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Bill Buckner’s influence lives on through Cubs he coached in their first professional seasons

Buckner, who died Tuesday after a long illness, was the short-season-A hitting coach for the Boise Hawks in 2012-13.

Bill Buckner during a TV interview as he begins the 2012 season as Boise Hawks hitting coach in the Cubs’ organization.

Willson Contreras remembers how much the man hated strikeouts and loved sharing the game with his young hitters – often talking baseball while cooking for players at his family’s home in Boise, Idaho.

David Bote remembers being “instantly” struck by the grace and humility upon meeting him, knowing all the abuse he took in Boston.

And even the pitcher, Dillon Maples, remembers the moment he learned who the hitting coach was for his short season-A team: “I was like, ‘Bill Buckner? The Bill Buckner? The guy that played forever in the big leagues?’ “

Baseball mourned the loss on Tuesday of one of the great pure contact hitters of his generation when the former Cubs batting champion died at 69 after a long battle with Lewy Body Dementia.

But some of Buckner lives on through the impressions he left on five current Cubs who had him as their first professional hitting coach in 2012 and ’13 at rookie-level Boise:

Kris Bryant: “Me being a first-rounder, I didn’t know how I’d be received. I’m a nice guy, but I don’t know how they treat first-rounders, and it was unbelievable just how he took me under his wing, showing me certain drills – and he was a really good coach. … And him getting a bad rap for the [error in the] World Series in 1986, to take away from the career that he had and just how amazing a baseball player he was. And a person – that’s what I’ll always remember.”

Albert Almora: “He praised my aggressiveness and he always wanted to work every time I asked for something. He was the first one out there. … What a mind that was. I was so fortunate to be a part of that team, to pick his brain my first year in pro ball.”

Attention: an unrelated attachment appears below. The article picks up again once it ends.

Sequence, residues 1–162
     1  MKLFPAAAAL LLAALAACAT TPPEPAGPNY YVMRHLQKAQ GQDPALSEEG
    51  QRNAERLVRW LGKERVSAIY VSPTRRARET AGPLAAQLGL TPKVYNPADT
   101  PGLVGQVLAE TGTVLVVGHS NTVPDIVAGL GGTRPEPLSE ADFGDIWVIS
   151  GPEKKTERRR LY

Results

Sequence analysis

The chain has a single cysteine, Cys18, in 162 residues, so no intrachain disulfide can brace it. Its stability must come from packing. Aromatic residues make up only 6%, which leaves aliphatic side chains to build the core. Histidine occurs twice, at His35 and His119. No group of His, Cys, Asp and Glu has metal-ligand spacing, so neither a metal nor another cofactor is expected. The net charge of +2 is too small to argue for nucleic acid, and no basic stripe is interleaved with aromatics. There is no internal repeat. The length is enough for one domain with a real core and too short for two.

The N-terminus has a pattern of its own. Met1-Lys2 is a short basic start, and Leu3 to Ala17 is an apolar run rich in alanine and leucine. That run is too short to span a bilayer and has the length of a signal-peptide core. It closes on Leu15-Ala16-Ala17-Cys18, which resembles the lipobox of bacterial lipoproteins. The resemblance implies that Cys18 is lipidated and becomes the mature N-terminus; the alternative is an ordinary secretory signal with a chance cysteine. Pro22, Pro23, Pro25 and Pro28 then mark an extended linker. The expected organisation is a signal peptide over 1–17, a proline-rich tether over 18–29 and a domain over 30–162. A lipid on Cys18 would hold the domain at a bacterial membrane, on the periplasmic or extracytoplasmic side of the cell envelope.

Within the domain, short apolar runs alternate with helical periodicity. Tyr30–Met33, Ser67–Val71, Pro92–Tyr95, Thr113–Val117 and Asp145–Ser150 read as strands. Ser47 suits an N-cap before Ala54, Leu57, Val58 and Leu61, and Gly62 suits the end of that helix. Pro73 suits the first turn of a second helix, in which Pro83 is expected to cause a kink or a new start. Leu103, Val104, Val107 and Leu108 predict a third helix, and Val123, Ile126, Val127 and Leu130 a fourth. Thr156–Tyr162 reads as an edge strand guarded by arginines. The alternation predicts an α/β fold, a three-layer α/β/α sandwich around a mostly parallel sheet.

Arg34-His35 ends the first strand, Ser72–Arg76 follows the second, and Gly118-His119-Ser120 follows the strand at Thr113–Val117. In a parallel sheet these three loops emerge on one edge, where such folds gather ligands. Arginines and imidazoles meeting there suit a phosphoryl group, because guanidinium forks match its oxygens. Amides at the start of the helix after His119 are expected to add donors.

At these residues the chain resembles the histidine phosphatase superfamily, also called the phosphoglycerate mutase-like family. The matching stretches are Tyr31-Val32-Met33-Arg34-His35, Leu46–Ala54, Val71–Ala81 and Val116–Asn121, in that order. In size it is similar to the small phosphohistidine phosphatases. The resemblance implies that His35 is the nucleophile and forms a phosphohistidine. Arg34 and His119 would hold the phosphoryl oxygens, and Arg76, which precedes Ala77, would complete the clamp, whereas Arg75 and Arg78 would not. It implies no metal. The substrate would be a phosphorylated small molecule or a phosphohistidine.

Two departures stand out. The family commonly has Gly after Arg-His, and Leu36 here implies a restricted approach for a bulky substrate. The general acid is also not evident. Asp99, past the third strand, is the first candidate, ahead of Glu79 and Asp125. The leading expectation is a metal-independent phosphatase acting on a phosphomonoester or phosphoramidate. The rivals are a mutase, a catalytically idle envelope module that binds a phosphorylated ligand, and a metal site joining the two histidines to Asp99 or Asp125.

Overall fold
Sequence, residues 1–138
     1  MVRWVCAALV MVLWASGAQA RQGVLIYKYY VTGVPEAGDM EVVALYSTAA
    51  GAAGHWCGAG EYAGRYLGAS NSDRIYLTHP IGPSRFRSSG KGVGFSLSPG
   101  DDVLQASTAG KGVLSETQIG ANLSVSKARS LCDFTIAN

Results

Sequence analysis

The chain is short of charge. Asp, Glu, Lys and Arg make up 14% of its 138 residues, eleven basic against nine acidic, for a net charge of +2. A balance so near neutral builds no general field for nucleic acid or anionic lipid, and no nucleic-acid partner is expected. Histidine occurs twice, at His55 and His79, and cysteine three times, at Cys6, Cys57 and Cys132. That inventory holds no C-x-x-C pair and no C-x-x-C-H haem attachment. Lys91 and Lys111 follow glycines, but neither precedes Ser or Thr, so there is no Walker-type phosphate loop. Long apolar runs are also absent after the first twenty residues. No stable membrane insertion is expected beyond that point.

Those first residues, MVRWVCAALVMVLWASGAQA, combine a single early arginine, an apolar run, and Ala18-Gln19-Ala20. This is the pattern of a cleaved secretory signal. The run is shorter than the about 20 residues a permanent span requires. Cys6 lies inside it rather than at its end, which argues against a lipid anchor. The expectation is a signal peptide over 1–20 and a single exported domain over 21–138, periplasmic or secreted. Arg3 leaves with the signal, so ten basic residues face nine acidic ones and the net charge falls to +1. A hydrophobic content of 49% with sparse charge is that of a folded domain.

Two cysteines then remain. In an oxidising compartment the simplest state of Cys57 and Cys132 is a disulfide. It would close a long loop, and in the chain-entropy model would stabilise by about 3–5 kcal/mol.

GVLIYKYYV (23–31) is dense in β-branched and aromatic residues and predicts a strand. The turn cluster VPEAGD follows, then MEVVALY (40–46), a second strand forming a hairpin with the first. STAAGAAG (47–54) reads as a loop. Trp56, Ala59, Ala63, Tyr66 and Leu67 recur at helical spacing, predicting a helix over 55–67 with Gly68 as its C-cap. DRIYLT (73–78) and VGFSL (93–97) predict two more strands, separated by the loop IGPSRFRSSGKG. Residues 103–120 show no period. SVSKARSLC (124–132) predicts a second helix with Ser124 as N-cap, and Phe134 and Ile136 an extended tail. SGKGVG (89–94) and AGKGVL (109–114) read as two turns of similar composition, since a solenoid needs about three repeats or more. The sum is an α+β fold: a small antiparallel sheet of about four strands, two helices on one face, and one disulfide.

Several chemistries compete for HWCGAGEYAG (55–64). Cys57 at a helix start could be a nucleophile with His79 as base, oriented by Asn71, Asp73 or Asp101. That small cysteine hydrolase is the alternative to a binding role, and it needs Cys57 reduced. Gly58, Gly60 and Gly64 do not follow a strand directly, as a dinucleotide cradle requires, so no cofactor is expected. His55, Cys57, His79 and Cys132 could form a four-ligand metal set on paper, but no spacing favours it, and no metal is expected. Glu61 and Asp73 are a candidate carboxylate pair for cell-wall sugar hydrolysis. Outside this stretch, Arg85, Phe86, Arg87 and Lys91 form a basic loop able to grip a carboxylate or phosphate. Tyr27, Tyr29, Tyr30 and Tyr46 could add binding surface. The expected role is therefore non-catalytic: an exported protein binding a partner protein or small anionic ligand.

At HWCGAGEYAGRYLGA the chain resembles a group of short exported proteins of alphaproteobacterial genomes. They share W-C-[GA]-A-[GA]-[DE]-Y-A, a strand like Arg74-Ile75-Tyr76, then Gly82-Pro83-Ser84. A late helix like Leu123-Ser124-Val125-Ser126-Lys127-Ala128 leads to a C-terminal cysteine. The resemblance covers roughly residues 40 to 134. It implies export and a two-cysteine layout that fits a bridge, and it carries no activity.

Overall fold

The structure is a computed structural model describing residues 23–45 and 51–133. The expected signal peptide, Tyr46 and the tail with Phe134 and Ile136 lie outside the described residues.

Dillon Maples: “He made an impression being a titan of the game and then also being willing to coach these young bucks in short season, like to humble yourself and go back to short season – that’s something that I found very interesting as I went up in levels. Those guys want to stay in the big leagues or have a front office job or something, but he was content with hanging out in Boise, being with his family, his wife, and still doing what he loved.”

Willson Contreras: “The most important thing he taught us was how to keep things in the game simple. Don’t try to overthink too much and just make contact with the baseball. He hated when we struck out because he hated strikeouts in his career. But obviously he was a different kind of hitter. … He lived right there [in Boise], and he used to take us to his house and cook for us and just talk about how his career was, and he showed us the jerseys he wore with every team. …He’s a special guy for me. I appreciate what he taught me in my process.”

David Bote: “You talk about everything he went through, to not let that affect how he went back to the game and taught us what he knew about hitting. …For him to put his ego aside, his pride aside, to put it all out there for the guys in their first couple years of professional baseball is something you don’t forget. It shows how professional, humble, a great person he was. …The second you talk to him you definitely know what kind of guy he is – based on what he went through [in Boston] to give back to the game the way he did. Nothing more to say about him.”

MORE THAN YOU MIGHT THINK

Bill Buckner, the Cubs’ 1980 batting champion and 1981 All-Star, was remembered all week by those in the game for how much more he meant to friends, family and baseball than the infamous error he committed in the 1986 World Series. He also was more of a baseball player than many might know, considering:

  • He had more career hits (2,715) than Ted Williams (2,654), Ernie Banks (2,583) and Joe DiMaggio (2,214)
  • More RBI (1,208) than Gabby Hartnett (1,179), Greg Luzinski (1,128) and Frank Howard (1,119).
  • A higher career batting average (.289) than Carl Yastrzemski (.285), Yogi Berra (.285) and Ryne Sandberg (.285).
  • More runs scored (1,077) than Kirby Puckett (1,071), Maury Wills (1,067) and Davey Lopes (1,023).
  • And, in the less is more category: fewer strikeouts during his 1980 batting-title season (18 in 615 plate appearances) than six Cubs had in May: Javy Baez (42), Kyle Schwarber (33), David Bote (25), Willson Contreras (23), Jason Heyward (21) and Kris Bryant (19).